IT HAS BEEN sealed: the construction of Slovakia’s next nuclear power plant will be a joint Czech and Slovak project carried out by the Czech energy company ČEZ and Slovakia’s nuclear decommissioning company JAVYS.
The agreement between the shareholders was signed on May 29 but the public has not learned many of the details of the project since huge chunks of the agreement were still classified at the time The Slovak Spectator went to print.
The ink had not yet dried on the signature page before the deal had its opponents. Environmental watchdog Greenpeace has already turned to Brussels, objecting to the way the Slovak government picked the Czech partner while the country’s opposition parties were objecting to the government keeping most parts of the contract under wraps.
The completion of the new nuclear power plant is planned for 2020.
ČEZ and Slovakia’s Nuclear and Decommissioning Company (JAVYS) signed the shareholder agreement during the fourth European Nuclear Energy Forum in Prague in the presence of Czech Prime Minister Jan Fischer and his Slovak counterpart Robert Fico.
The agreement establishes the framework for a joint venture, which then will plan, build and operate the new nuclear power plant in Jaslovské Bohunice in western Slovakia.
Jaslovské Bohunice is also the home of the V1 nuclear plant, the second block of which was unplugged from the electricity grid on December 31, 2008 as part of its decommissioning process, an obligation Slovakia assumed when joining the European Union back in 2004.
The first of the V1’s two reactor blocks, which were both built to Soviet VVER 440/230 designs, was shut down on December 31, 2006.
JAVYS will hold a 51-percent stake in the joint venture and 49 percent will be owned by ČEZ.
The role of JAVYS in the project will be to participate in the preparations and the construction along with the later operation of the blocks situated in the locality of Jaslovské Bohunice, JAVYS spokesman Dobroslav Dobák told The Slovak Spectator.
He confirmed that JAVYS is the majority stakeholder in the project with a 51 percent share.
Eva Nováková, spokeswoman of ČEZ, also confirmed for The Slovak Spectator the role of ČEZ as the strategic partner.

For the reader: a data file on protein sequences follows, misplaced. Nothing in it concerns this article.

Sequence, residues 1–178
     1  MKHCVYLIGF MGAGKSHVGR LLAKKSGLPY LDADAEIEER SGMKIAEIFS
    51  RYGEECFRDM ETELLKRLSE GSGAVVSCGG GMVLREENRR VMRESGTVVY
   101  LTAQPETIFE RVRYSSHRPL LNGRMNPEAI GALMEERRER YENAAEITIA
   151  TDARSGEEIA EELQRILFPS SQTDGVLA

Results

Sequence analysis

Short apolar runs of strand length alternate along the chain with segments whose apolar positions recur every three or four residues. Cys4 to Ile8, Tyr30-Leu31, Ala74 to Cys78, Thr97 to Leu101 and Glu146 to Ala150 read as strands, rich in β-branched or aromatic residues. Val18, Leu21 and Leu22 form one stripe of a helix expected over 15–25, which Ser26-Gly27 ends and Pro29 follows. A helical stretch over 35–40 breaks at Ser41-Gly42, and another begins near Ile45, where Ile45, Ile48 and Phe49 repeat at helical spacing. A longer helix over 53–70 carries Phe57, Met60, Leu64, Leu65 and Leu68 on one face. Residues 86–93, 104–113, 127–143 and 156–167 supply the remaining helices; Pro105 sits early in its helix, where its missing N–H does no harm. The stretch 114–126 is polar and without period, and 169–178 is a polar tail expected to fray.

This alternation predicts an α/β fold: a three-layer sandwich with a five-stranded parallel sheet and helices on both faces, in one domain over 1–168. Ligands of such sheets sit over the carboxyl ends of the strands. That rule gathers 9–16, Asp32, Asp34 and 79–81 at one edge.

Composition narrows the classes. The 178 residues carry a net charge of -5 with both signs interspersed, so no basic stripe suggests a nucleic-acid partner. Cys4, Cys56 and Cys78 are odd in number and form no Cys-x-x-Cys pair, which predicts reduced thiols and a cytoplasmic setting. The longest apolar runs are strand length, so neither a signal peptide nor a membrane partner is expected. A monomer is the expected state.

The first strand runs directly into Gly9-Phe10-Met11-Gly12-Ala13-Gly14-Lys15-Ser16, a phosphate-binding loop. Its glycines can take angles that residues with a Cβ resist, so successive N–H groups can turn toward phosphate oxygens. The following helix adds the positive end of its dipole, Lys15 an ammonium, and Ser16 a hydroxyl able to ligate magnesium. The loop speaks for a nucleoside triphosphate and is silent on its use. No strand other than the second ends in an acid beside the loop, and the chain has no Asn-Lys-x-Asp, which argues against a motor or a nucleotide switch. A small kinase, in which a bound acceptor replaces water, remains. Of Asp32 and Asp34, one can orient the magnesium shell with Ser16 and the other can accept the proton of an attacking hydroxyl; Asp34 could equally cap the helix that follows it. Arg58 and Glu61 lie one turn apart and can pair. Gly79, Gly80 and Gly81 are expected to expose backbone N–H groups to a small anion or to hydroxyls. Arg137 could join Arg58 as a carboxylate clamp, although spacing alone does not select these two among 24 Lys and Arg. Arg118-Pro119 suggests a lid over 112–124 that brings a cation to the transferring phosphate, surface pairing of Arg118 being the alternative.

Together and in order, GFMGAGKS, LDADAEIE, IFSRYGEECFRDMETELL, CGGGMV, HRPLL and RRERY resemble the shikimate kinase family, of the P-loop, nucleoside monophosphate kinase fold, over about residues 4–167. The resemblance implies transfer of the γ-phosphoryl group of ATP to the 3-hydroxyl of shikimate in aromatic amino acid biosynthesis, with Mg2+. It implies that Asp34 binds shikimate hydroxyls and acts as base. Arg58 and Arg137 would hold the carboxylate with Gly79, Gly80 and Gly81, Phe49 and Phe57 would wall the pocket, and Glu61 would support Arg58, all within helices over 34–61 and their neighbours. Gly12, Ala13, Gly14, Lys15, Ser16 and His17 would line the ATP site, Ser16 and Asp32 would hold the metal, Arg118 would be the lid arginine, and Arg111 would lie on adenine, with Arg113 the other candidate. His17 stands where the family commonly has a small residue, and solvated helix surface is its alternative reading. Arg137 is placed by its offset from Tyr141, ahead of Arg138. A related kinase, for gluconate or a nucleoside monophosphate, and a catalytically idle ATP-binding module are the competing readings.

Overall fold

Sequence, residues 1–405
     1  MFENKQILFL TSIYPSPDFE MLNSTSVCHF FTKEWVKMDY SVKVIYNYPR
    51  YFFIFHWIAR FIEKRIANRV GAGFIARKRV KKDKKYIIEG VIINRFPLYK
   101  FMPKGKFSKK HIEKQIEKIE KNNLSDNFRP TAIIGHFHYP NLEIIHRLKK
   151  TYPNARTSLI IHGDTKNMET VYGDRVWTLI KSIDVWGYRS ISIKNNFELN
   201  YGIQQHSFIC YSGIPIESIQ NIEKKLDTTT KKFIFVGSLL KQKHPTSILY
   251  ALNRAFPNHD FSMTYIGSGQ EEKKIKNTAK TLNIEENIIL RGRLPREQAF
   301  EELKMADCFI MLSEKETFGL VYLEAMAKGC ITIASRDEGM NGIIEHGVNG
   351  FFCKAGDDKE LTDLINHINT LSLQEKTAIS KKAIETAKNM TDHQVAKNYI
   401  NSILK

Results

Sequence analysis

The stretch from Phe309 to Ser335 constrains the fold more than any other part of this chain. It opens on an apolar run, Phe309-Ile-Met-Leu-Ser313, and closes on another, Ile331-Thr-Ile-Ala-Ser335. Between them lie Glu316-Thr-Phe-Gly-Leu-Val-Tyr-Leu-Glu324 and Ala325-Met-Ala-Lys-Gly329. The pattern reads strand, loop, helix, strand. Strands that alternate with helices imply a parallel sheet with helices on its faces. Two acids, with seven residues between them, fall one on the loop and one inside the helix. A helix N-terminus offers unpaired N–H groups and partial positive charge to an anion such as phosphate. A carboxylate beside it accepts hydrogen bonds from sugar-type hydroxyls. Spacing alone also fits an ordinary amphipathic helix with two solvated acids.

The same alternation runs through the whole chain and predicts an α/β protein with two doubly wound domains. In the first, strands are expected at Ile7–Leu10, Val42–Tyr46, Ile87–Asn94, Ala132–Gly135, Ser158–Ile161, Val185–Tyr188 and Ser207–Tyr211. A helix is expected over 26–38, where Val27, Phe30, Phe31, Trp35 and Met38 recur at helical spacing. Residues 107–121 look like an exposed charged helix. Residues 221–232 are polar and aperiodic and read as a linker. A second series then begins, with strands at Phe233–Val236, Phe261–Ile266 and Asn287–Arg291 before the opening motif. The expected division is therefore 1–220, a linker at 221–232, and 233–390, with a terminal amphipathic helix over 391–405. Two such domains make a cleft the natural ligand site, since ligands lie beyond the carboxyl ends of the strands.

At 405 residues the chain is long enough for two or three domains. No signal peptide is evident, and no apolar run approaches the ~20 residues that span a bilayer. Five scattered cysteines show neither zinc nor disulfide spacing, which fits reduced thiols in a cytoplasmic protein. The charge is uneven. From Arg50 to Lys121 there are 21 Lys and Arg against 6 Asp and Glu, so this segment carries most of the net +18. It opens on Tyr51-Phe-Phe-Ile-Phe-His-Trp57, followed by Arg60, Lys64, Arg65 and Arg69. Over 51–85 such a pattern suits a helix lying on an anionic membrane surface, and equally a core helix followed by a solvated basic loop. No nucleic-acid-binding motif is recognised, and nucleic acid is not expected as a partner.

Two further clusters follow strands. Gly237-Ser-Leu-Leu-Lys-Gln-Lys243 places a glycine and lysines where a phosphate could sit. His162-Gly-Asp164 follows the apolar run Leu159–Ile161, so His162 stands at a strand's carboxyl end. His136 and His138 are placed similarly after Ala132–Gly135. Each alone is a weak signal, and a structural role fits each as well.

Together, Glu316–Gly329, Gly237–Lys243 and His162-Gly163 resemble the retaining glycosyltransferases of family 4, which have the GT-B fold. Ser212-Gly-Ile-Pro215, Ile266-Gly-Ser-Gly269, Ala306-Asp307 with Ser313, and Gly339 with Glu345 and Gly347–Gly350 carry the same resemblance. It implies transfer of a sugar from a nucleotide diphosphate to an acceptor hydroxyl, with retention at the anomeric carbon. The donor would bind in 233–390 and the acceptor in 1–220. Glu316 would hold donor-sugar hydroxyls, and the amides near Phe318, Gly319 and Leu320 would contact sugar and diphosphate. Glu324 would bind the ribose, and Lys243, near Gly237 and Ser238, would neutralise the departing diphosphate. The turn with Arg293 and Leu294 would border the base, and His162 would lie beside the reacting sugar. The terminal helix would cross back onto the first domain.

“After signing the shareholder agreement, the documents were sent to respective institutions in each country in order to gain the necessary permissions,” Dobák said.
Now JAVYS will carry out tasks such as allocating the agreed property into the new company, for example the land, construction utilities and infrastructure, Dobák added.
“In the shareholder agreement the partners have agreed to use the technology of a pressurised water reactor, which can be licensed in EU countries,” Dobák said.
Other design details will depend on completion of a feasibility study which will assess issues such as the transmission network, the radiological and environmental burden on the locality, access to cooling water and so forth, said Dobák.
The Economy Ministry estimates the construction costs at €4 billion to €6 billion while the preparatory work will require about €232.357 million. The ministry has not yet specified the installed capacity of the project, suggesting that the final decision is expected by this October, the SITA newswire wrote.
Fico has requested both shareholders to fully publish the agreement. JAVYS has requested its partner ČEZ to grant permission to declassify the shareholder agreement while the talks are ongoing, Dobák stated.
As for the reasons to keep parts of the agreement confidential, Dobák told The Slovak Spectator said that the request came from the Czech partner to define some parts of the agreement as commercial secrets which would remain concealed. JAVYS considered this request as a standard move and as a usual one in similar commercial agreements and thus accepted it, Dobák added.